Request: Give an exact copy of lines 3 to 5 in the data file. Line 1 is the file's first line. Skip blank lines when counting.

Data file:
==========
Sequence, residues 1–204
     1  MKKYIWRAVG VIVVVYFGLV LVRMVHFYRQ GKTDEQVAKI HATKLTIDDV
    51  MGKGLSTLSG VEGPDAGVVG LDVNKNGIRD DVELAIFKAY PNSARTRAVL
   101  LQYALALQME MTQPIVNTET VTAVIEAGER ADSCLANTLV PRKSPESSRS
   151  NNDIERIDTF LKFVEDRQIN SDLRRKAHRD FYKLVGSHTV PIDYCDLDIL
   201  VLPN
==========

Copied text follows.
    51  MGKGLSTLSG VEGPDAGVVG LDVNKNGIRD DVELAIFKAY PNSARTRAVL
   101  LQYALALQME MTQPIVNTET VTAVIEAGER ADSCLANTLV PRKSPESSRS
   151  NNDIERIDTF LKFVEDRQIN SDLRRKAHRD FYKLVGSHTV PIDYCDLDIL